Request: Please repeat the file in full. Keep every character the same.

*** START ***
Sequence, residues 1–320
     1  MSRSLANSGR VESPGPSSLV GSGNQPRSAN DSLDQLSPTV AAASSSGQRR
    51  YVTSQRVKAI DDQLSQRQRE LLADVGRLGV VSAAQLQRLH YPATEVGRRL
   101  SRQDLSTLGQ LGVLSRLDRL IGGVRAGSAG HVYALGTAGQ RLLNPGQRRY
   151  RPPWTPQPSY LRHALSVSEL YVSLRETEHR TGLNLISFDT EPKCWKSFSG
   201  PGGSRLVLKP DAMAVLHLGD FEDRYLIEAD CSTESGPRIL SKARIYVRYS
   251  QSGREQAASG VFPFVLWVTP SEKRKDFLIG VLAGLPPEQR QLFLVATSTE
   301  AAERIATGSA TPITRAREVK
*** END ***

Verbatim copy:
Sequence, residues 1–320
     1  MSRSLANSGR VESPGPSSLV GSGNQPRSAN DSLDQLSPTV AAASSSGQRR
    51  YVTSQRVKAI DDQLSQRQRE LLADVGRLGV VSAAQLQRLH YPATEVGRRL
   101  SRQDLSTLGQ LGVLSRLDRL IGGVRAGSAG HVYALGTAGQ RLLNPGQRRY
   151  RPPWTPQPSY LRHALSVSEL YVSLRETEHR TGLNLISFDT EPKCWKSFSG
   201  PGGSRLVLKP DAMAVLHLGD FEDRYLIEAD CSTESGPRIL SKARIYVRYS
   251  QSGREQAASG VFPFVLWVTP SEKRKDFLIG VLAGLPPEQR QLFLVATSTE
   301  AAERIATGSA TPITRAREVK